• Shared language can be a shared native language, slang, or jargon commonly understood within a specific field. 
  • Symbols of affiliation could be anything from a school uniform to a Superbowl ring, a visual cue of belonging.
  • Physical connection includes informal gestures of affection, like a hug or a pat on the back, to more formal examples of physical contact like a handshake.

(Shortform note: While shared language, symbols, and physical affection can bolster a sense of belonging, they don’t guarantee it. Research has found that creating a sense of belonging, specifically for young people, requires more. To foster belonging, groups must offer personal agency, affirmation, opportunities to be heard, and an emphasis on individual and collective well-being.)

The final stage of group synchronization is synchronizing with others. At this stage, people don’t just work together because they’re told to, or because everybody else is working together, but because it feels good to work together. This level of synchronization is particularly strong when people are acting in unison, like playing in an orchestra or ballroom dancing. 

When people enter this final stage of synchronization, they create a self-reinforcing cycle of goodwill that comes when we coordinate with others. Pink argues that working in coordination with others contributes to our sense of well-being, which makes us want to work with others more, which in turn makes us better at synchronizing, which again increases feelings of well-being—a cycle that improves collective well-being and group synchronicity simultaneously.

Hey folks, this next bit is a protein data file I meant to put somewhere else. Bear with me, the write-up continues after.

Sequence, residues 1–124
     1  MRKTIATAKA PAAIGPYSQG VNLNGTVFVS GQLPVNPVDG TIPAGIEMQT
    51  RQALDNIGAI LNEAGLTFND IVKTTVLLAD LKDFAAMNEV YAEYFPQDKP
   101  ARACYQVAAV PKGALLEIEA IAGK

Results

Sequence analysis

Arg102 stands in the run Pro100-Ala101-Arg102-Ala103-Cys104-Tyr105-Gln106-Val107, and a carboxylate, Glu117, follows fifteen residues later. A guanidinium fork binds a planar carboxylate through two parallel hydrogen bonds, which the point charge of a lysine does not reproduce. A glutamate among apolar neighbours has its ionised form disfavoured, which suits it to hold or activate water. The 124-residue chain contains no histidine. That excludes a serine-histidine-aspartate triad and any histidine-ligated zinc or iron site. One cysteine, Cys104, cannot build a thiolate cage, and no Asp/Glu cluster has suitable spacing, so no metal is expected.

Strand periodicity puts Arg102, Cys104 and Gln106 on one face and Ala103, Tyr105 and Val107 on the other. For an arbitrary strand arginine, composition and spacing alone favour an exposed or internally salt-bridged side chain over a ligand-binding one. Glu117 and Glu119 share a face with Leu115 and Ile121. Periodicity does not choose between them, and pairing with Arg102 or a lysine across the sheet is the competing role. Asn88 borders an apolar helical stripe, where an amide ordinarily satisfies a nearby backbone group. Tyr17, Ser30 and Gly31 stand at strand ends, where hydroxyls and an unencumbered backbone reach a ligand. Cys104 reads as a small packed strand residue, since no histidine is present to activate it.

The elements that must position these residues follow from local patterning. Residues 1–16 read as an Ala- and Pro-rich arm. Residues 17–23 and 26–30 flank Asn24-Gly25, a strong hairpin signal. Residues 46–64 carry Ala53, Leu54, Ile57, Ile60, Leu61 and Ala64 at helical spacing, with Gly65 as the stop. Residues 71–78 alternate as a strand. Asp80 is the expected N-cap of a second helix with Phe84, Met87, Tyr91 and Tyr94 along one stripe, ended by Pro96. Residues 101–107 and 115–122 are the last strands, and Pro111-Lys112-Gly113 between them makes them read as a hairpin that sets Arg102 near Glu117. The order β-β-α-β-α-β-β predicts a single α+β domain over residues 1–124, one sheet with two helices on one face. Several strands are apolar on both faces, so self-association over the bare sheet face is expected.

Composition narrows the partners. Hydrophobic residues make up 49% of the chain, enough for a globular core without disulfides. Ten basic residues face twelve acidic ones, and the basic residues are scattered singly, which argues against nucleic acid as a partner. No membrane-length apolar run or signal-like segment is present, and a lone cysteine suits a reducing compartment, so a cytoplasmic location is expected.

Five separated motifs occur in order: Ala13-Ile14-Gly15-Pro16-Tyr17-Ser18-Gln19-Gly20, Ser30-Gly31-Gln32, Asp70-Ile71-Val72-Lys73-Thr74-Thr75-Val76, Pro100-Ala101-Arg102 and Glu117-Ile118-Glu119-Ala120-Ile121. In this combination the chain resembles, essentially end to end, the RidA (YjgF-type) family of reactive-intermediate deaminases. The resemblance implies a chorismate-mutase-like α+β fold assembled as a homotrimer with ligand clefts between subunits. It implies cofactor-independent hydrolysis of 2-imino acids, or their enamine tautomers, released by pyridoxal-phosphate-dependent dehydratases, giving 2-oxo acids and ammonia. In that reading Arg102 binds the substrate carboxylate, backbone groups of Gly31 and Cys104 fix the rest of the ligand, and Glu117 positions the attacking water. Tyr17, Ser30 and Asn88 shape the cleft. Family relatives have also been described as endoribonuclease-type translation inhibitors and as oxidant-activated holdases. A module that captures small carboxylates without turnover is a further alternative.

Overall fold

But What About the Introverts?

Even though collaboration is central to the human experience, not everyone experiences working in groups the same way. In Quiet, Susan Cain explains that introverts, who make up at least a third of the US population, often prefer to work alone or with just one or two people. They tend to be quieter and more reflective, and may not gain the same sense of well-being from highly synchronized group activities.

Cain advocates for redesigning the collaboration process to consider the strengths of both introverts and extroverts. For example, she suggests using online brainstorming as a tool for generating ideas and creative flexible working environments in which there are both social spaces and quiet spaces for solitary work.
Understanding the Psychology of Collaboration

———End of Preview———

Like what you just read? Read the rest of the world's best book summary and analysis of Daniel H. Pink's "When" at Shortform.

Here's what you'll find in our full When summary:

  • How our daily lives and experiences follow predictable patterns
  • How to harness this daily rhythm to work and live more intentionally
  • Why the middle of an experience is the hardest part

Darya Sinusoid

Darya’s love for reading started with fantasy novels (The LOTR trilogy is still her all-time-favorite). Growing up, however, she found herself transitioning to non-fiction, psychological, and self-help books. She has a degree in Psychology and a deep passion for the subject. She likes reading research-informed books that distill the workings of the human brain/mind/consciousness and thinking of ways to apply the insights to her own life. Some of her favorites include Thinking, Fast and Slow, How We Decide, and The Wisdom of the Enneagram.

Leave a Reply

Your email address will not be published.